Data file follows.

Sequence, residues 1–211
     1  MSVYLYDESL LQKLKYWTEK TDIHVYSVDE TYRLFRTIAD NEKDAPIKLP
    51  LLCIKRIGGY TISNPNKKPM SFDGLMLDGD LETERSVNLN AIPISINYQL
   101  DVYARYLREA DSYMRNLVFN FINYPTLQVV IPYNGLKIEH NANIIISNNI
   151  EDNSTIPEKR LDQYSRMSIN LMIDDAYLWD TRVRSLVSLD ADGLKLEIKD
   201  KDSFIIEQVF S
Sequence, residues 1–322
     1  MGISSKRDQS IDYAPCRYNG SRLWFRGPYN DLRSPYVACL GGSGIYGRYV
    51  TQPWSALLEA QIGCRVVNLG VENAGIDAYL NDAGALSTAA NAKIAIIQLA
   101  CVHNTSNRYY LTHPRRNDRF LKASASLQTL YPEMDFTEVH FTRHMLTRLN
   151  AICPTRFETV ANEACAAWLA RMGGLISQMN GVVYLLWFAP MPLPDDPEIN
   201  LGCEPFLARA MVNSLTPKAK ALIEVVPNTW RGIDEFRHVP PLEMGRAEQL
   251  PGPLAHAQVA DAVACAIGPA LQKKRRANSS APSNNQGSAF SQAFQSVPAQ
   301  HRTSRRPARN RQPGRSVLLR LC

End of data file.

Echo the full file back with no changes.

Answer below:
Sequence, residues 1–211
     1  MSVYLYDESL LQKLKYWTEK TDIHVYSVDE TYRLFRTIAD NEKDAPIKLP
    51  LLCIKRIGGY TISNPNKKPM SFDGLMLDGD LETERSVNLN AIPISINYQL
   101  DVYARYLREA DSYMRNLVFN FINYPTLQVV IPYNGLKIEH NANIIISNNI
   151  EDNSTIPEKR LDQYSRMSIN LMIDDAYLWD TRVRSLVSLD ADGLKLEIKD
   201  KDSFIIEQVF S
Sequence, residues 1–322
     1  MGISSKRDQS IDYAPCRYNG SRLWFRGPYN DLRSPYVACL GGSGIYGRYV
    51  TQPWSALLEA QIGCRVVNLG VENAGIDAYL NDAGALSTAA NAKIAIIQLA
   101  CVHNTSNRYY LTHPRRNDRF LKASASLQTL YPEMDFTEVH FTRHMLTRLN
   151  AICPTRFETV ANEACAAWLA RMGGLISQMN GVVYLLWFAP MPLPDDPEIN
   201  LGCEPFLARA MVNSLTPKAK ALIEVVPNTW RGIDEFRHVP PLEMGRAEQL
   251  PGPLAHAQVA DAVACAIGPA LQKKRRANSS APSNNQGSAF SQAFQSVPAQ
   301  HRTSRRPARN RQPGRSVLLR LC